About Ubbe Ragnarssen, {Gesta Danorum} (suomi)

from https://en.wikipedia.org/wiki/Ubba#Association_with_Ragnar_Lothbrok

The first source to claim kinship between the two [Ivar and Ubba] is the Latin Annals of St Neots, a twelfth-century source from Suffolk that claims they were sons of a man whose name was Latinized to "Lodebrochus".[134][135] ... Although certain versions of the Anglo-Saxon Chronicle note the capture of a raven banner, they do not mention any magical attributes, or refer to Lodebrochus and his progeny.


from https://en.wikisource.org/wiki/The_Danish_History/Book_IX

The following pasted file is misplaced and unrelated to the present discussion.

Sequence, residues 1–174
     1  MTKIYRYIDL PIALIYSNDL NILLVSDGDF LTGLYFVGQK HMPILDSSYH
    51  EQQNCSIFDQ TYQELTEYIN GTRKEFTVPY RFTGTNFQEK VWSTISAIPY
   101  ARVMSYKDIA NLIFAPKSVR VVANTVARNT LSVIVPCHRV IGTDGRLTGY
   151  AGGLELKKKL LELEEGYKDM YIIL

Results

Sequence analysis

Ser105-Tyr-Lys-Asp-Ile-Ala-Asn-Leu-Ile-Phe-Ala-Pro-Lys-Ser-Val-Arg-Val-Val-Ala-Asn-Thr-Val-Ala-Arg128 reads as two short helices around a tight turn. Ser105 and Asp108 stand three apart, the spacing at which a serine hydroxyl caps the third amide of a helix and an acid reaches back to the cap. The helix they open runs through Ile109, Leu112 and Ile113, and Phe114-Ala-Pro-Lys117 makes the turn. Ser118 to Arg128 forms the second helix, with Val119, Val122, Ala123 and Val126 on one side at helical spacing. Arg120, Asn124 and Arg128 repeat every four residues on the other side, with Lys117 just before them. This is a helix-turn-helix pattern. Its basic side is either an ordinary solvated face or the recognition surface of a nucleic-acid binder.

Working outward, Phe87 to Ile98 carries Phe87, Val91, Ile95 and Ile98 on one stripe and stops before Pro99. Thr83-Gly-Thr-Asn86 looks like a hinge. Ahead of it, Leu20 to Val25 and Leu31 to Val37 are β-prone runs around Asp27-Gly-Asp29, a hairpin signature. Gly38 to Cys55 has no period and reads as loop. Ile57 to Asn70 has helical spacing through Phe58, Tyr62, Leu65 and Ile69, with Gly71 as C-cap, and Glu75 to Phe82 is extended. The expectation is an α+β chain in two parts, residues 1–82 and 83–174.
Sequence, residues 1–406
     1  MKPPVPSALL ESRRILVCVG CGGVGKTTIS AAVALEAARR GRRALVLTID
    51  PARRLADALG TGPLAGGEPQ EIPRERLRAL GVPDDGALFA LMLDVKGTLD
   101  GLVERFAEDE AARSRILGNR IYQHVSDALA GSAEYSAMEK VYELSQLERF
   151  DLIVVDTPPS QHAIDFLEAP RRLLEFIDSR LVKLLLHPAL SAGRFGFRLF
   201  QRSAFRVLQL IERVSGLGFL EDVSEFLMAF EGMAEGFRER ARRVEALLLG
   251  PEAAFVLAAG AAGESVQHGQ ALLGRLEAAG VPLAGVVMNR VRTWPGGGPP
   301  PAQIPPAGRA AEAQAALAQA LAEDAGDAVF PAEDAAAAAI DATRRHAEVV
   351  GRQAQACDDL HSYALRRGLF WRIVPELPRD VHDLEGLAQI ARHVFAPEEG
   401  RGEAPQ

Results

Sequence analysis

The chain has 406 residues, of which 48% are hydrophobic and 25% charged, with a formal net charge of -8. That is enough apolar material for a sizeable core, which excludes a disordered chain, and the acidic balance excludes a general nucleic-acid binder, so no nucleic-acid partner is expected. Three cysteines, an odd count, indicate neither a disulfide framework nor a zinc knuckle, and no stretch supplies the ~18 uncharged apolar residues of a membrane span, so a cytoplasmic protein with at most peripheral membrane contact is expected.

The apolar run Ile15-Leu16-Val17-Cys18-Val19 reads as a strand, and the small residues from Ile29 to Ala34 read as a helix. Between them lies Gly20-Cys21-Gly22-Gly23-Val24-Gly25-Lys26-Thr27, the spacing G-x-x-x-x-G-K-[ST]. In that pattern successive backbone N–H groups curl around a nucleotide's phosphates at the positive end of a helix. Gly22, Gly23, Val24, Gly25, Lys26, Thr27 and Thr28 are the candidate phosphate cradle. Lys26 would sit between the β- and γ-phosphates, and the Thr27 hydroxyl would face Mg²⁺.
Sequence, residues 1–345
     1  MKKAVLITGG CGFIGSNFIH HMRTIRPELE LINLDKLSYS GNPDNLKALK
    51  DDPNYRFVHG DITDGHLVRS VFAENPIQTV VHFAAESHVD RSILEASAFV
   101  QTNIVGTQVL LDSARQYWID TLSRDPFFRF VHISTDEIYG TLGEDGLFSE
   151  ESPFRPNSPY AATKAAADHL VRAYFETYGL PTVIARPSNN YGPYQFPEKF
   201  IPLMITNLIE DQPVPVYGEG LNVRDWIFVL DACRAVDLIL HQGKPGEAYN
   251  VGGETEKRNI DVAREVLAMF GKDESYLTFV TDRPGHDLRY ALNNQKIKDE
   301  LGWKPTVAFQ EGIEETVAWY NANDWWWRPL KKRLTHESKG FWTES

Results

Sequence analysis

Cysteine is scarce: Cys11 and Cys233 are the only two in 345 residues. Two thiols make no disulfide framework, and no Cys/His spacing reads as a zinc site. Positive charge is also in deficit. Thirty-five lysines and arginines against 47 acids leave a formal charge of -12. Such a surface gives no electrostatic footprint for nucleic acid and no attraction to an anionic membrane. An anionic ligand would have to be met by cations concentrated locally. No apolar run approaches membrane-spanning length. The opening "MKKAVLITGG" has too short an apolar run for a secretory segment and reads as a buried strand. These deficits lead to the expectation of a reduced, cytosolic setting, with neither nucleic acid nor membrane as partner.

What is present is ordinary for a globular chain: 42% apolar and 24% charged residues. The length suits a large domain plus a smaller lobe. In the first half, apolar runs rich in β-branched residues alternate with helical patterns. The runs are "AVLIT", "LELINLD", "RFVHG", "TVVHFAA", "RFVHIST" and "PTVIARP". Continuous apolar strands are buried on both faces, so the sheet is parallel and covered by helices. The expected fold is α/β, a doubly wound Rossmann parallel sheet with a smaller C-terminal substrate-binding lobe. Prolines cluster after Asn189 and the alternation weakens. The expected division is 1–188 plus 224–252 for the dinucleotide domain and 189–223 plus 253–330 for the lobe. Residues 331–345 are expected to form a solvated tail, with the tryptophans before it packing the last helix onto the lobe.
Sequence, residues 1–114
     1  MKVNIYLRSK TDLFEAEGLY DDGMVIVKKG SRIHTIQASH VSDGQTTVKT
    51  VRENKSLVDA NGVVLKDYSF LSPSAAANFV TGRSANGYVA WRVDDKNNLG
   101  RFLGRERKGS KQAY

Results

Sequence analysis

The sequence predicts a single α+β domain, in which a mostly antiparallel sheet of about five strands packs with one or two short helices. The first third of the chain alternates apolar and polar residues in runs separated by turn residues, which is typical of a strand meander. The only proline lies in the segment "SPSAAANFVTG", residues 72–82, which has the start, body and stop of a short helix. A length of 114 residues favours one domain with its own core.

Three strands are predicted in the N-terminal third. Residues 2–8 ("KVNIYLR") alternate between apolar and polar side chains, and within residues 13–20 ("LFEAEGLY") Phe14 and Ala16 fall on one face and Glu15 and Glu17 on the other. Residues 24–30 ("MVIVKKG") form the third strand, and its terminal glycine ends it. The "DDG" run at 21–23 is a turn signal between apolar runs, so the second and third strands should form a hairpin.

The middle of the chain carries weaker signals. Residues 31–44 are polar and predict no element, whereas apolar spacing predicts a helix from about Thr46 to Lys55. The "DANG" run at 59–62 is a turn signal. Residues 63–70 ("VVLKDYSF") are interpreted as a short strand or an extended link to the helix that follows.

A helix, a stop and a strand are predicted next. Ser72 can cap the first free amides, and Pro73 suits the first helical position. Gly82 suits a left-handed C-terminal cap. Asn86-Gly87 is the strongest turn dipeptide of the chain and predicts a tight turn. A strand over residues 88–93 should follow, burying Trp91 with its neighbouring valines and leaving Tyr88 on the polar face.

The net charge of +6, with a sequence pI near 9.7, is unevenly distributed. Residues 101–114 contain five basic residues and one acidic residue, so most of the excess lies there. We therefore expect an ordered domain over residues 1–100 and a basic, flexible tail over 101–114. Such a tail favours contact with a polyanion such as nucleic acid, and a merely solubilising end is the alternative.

Then for a little interval he [Ragnar] rested from wars, and chanced to fall deeply in love with a certain woman. In order to find some means of approaching and winning her the more readily, he courted her father (Esbern) by showing him the most obliging and attentive kindness. He often invited him to banquets, and received him with lavish courtesy. When he came, he paid him the respect of rising, and when he sat, he honoured him with a set next to himself. He also often comforted him with gifts, and at times with the most kindly speech. The man saw that no merits of his own could be the cause of all this distinction, and casting over the matter every way in his mind, he perceived that the generosity of his monarch was caused by his love for his daughter, and that he coloured this lustful purpose with the name of kindness. But, that he might balk the cleverness of the lover, however well calculated, he had the girl watched all the more carefully that he saw her beset by secret aims and obstinate methods. But Ragnar, who was comforted by the surest tidings of her consent, went to the farmhouse in which she was kept, and fancying that love must find out a way, repaired alone to a certain peasant in a neighbouring lodging. In the morning he exchanged dress with the women, and went in female attire, and stood by his mistress as she was unwinding wool. Cunningly, to avoid betrayal, he set his hands to the work of a maiden, though they were little skilled in the art. In the night he embraced the maiden and gained his desire. When her time drew near, and the girl growing big, betrayed her outraged chastity, the father, not knowing to whom his daughter had given herself to be defiled, persisted in asking the girl herself who was the unknown seducer. She steadfastly affirmed that she had had no one to share her bed except her handmaid, and he made the affair over to the king to search into. He would not allow an innocent servant to be branded with an extraordinary charge, and was not ashamed to prove another's innocence by avowing his own guilt. By this generosity he partially removed the woman's reproach, and prevented an absurd report from being sown in the ears of the wicked. Also he added, that the son to be born of her was of his own line, and that he wished him to be named Ubbe. When this son had grown up somewhat, his wit, despite his tender years, equalled the discernment of manhood. For he took to loving his mother, since she had had converse with a noble bed, but cast off all respect for his father, because he had stooped to a union too lowly.